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Too Many Networks, Not Enough Sharing


At the LTE World Summit, Orange Spain CTO Eduardo Duato said that Europe has too many mobile networks and not enough network sharing:

Network sharing is the only way forward for European operators, he said, comparing Europe – with more than 100 operators – to the US, which is a comparable size and has only a handful of carriers with nationwide network deployments. “It doesn’t make sense to have this many networks [in Europe]” he said “we have to move to LTE network sharing.”

via Orange Spain CTO makes plea for network sharing » – telecoms industry news, analysis and opinion.

Shocking? It shouldn’t be. Europe lags the U. S. in the deployment and adoption of LTE (the 4G mobile technology that makes Internet Protocol a key element of the network) is regulatory restrictions on the use of spectrum only for specific technologies such as 2G and 3G GSM. When the same pool of spectrum is divided into too many pieces, none of the pieces is big enough to support a high-performance network technology such as LTE. This leads to a slower rate of adoption of newer and better technologies, and to higher prices and lower speeds.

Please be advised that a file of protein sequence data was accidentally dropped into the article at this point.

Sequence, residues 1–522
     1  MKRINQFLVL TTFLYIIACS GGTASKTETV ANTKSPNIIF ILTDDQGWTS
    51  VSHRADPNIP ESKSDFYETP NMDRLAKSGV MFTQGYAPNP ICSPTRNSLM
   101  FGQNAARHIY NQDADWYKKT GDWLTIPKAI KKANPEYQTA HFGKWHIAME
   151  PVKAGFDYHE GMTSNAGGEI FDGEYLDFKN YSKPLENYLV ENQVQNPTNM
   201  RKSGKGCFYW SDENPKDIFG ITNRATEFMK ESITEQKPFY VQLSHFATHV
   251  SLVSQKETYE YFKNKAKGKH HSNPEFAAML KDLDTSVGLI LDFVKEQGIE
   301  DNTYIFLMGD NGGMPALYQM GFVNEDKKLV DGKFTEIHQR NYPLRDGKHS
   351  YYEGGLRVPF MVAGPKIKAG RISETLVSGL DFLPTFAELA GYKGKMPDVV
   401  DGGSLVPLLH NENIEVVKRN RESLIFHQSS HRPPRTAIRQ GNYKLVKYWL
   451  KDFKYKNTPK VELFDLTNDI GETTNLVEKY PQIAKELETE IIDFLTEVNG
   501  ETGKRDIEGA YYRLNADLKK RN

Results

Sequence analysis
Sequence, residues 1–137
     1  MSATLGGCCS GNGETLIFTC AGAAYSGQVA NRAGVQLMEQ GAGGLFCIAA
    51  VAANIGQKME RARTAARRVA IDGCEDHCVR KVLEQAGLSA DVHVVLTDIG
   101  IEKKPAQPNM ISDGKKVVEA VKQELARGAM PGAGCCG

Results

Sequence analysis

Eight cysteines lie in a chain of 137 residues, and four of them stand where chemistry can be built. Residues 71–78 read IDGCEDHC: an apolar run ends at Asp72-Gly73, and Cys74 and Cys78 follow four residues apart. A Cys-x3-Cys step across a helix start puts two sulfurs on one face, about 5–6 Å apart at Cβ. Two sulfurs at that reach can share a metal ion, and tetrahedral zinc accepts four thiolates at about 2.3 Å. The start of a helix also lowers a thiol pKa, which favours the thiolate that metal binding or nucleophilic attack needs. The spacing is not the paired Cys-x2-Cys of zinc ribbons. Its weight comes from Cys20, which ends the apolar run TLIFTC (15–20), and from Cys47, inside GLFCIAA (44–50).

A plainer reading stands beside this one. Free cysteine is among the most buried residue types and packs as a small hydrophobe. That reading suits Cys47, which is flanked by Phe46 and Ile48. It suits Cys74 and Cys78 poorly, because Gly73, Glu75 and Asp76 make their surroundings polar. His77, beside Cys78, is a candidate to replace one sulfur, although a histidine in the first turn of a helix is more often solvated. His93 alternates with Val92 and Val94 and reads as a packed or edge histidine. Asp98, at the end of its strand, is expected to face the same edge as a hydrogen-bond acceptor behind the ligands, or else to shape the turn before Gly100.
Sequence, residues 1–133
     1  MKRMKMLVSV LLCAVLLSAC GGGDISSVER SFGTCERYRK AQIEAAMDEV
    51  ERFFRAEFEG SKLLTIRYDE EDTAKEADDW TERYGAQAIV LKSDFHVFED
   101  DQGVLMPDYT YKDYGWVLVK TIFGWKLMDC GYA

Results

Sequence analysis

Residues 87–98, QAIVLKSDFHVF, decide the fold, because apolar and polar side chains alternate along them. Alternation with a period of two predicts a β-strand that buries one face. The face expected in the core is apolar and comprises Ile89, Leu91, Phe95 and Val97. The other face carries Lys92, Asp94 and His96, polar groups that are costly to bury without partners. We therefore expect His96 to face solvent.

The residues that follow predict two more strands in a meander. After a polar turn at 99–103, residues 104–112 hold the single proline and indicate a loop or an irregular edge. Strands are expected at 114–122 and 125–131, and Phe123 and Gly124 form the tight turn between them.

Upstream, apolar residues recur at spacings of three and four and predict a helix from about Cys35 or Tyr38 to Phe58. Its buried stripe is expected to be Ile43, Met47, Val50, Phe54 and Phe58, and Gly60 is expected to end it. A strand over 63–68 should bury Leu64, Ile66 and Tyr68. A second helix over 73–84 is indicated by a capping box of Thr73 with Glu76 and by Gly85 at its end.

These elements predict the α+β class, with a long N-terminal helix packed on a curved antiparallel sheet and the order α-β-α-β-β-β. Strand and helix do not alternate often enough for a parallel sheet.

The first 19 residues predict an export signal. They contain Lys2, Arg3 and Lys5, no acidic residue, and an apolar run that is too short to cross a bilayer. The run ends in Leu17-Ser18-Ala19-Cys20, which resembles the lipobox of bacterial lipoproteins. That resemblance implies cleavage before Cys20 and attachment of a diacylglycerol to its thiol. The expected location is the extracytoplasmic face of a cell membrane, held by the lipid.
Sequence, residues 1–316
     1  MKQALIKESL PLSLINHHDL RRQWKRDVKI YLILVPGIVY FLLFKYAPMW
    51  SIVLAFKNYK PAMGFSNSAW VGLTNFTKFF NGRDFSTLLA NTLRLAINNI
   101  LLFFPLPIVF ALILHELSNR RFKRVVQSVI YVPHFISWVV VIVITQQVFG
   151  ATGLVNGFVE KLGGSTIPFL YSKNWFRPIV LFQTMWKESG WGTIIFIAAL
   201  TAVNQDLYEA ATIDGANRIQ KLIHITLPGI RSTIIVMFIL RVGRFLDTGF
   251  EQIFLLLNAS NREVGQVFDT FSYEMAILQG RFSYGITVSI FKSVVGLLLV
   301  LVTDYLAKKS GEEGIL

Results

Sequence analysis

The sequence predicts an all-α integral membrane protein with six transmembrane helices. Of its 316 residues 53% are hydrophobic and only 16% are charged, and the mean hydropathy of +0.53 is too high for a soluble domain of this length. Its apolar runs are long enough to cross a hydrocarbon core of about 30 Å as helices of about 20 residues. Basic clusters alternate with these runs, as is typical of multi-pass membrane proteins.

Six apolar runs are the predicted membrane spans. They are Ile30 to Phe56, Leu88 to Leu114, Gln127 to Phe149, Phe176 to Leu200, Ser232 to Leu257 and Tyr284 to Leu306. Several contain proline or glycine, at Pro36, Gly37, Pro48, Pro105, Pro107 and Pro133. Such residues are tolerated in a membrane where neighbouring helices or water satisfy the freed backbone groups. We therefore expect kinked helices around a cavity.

While some policy advocates want the U. S. regulatory system to be more like Europe’s, the technical people on the ground in Europe enbvy the U. S. system with its ability to move quickly to bring benefits to consumers.

Who’s right?

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About the author

Richard Bennett is an ITIF Senior Research Fellow specializing in broadband networking and Internet policy. He has a 30 year background in network engineering and standards. He was vice-chair of the IEEE 802.3 task group that devised the original Ethernet over Twisted Pair standard, and has contributed to Wi-Fi standards for fifteen years. He was active in OSI, the instigator of RFC 1001, and founder, along with Bob Metcalfe, of the Open Token Foundation, the first network industry alliance to operate an interoperability lab. He has worked for leading applied research labs, where portions of his work were underwritten by DARPA. Richard is also the inventor of four networking patents and a member of the BITAG Technical Working Group.